Do consumers finally get that online shopping beats crowded malls?

Despite a decline in Black Friday weekend sales in the U.S. at physical retail locations, e-commerce sales were better than ever and Canadians continue to plan shopping online in the lead-up to Christmas, according to studies released this week.

With Washington-based National Retail Federation reporting that Black Friday weekend sales were down more than 11 per cent, and that 6 million fewer shoppers went out to stores for this year’s sales event, you’d think that retailers might be suffering a case of the Winter Blues. But spirits are sure to be picked up by the success retailers – large and small alike – are having online.

Consumers spent $2.65 billion online on Cyber Monday alone for a 16 per cent growth over last year’s spending, according to Adobe Digital Index. Adobe Inc’s statistics from its Marketing Cloud suite capture 70 per cent of the spending done with the top 500 retailers in the U.S., giving insight into online shopping trends. While Cyber Monday has historically been considered a lesser, follow-up event to the annual Black Friday sales that mark the largest consumer shopping day of the year for Americans, following their Thanksgiving, the latest numbers show that it may be growing into the main event.

The news was good for both larger retailers and small retailers. The top 25 retailers saw an increase in sales of 25 per cent, and smaller retailers also grew in sales by five per cent, according to Adobe. The software vendor’s analytics engine tracked more than 400 million visits to 4,500 retail websites.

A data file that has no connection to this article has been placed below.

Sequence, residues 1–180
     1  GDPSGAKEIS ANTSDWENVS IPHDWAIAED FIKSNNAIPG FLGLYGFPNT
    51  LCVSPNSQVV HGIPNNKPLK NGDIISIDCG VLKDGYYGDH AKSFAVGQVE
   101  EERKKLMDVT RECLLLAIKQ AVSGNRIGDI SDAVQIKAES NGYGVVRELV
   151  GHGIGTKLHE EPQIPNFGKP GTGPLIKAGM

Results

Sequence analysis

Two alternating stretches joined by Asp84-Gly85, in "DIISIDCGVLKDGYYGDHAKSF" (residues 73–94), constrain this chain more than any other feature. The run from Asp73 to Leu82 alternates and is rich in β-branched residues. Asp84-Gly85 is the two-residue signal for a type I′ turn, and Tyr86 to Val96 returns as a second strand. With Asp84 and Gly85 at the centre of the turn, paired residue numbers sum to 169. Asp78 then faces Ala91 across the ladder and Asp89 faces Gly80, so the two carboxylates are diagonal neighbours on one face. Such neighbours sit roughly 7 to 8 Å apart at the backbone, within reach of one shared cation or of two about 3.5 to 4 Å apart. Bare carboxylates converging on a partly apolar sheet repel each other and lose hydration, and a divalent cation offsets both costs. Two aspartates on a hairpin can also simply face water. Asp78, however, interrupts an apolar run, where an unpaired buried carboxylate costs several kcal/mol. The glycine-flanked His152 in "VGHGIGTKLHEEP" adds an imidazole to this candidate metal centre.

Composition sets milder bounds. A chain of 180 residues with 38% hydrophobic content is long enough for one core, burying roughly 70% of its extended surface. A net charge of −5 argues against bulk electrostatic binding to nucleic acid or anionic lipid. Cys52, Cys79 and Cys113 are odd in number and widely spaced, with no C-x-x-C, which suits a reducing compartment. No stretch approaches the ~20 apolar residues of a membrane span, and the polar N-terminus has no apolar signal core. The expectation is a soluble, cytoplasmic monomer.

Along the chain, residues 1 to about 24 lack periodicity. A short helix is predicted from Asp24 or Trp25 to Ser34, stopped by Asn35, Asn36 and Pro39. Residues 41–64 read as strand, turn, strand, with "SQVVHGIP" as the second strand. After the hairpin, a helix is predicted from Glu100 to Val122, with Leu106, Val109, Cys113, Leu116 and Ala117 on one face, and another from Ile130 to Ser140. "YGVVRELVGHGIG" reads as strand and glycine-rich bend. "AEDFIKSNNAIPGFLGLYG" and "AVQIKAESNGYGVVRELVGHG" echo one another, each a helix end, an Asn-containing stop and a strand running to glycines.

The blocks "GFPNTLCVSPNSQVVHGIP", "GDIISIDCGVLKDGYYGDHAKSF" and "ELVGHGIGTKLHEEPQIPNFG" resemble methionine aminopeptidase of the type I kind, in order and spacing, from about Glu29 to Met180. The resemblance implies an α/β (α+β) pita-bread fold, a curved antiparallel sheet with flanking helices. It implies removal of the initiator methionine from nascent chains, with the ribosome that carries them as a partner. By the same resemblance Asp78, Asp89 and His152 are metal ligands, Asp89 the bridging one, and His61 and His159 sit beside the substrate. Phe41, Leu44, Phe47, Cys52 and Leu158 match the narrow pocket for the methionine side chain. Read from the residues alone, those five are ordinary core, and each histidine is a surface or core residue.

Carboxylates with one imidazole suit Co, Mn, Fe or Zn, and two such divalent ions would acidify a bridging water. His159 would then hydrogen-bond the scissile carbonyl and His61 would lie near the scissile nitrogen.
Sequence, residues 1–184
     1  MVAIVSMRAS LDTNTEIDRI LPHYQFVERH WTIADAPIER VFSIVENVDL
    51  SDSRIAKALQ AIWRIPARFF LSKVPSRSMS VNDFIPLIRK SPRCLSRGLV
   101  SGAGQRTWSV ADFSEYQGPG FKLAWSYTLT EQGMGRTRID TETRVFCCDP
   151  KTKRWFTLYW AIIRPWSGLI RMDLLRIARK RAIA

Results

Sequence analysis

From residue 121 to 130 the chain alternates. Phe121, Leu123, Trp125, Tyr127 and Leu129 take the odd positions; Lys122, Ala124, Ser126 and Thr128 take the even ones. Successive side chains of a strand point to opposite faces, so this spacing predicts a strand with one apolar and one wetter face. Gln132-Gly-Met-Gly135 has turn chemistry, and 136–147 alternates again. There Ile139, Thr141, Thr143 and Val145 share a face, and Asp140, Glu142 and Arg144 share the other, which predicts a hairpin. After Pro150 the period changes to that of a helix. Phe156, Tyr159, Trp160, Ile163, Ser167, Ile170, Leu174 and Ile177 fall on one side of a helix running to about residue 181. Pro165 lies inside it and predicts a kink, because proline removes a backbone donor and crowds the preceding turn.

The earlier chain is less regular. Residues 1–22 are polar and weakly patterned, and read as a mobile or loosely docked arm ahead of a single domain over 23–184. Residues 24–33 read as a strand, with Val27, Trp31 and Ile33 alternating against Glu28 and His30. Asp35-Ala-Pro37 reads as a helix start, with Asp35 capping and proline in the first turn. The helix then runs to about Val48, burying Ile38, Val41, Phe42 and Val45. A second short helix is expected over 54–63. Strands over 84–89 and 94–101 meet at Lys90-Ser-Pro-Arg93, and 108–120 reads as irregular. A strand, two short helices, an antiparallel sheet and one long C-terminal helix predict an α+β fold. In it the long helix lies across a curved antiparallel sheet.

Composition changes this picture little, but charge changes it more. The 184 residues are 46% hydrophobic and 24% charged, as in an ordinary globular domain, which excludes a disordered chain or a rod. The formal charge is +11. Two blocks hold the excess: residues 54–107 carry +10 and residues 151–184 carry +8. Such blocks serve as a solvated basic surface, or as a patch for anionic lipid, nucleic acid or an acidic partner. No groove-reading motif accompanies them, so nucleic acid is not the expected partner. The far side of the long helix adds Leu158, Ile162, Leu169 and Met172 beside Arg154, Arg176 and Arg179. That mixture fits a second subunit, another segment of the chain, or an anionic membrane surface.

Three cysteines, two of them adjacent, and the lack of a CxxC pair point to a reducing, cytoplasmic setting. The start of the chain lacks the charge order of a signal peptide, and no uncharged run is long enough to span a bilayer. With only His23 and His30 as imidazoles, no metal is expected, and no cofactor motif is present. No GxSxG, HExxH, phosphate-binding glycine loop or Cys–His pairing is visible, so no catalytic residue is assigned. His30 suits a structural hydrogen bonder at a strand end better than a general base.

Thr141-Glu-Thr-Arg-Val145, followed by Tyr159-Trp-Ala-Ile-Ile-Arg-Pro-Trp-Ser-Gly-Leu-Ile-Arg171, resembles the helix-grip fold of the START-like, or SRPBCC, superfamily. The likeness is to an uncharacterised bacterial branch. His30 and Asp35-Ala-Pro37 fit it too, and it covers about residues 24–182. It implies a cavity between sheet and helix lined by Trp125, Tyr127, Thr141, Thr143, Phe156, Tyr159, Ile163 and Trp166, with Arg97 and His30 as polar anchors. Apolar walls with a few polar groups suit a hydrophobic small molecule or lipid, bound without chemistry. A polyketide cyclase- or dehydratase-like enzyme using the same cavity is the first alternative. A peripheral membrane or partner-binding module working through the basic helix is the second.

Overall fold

The trend towards online shopping isn’t just an American phenomenon. Canadians are also more keen on online shopping heading into the holiday season, according to a survey conducted by Ipsos Reid on behalf of Visa Canada.

More than six out of 10 Canadians say they plan to buy at least one gift online this year. Four out of 10 say they will do more online shopping this year than in previous years.

Visa is marketing its Visa Checkout service that allows shoppers to sign-in to pass on their payment credentials to an online retailer without having to type out their credit card information all over again. Since abandoned shopping carts are a common problem when it comes to e-commerce, making the check-out as smooth as possible is a good idea.

The Ipsos Poll of 1,006 Canadians was conducted between Nov. 20-25 and is accurate within 3.5 percentage points.

All in all, retailers looking to make the most out of these big shopping calendar days don’t have to try very hard to read the tea leaves. The path to a consumer’s wallet is increasingly turning to e-commerce channels.

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Jim Love, Chief Content Officer, IT World Canada

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Brian Jackson
Brian Jackson
Editorial director of IT World Canada. Covering technology as it applies to business users. Multiple COPA award winner and now judge. Paddles a canoe as much as possible.

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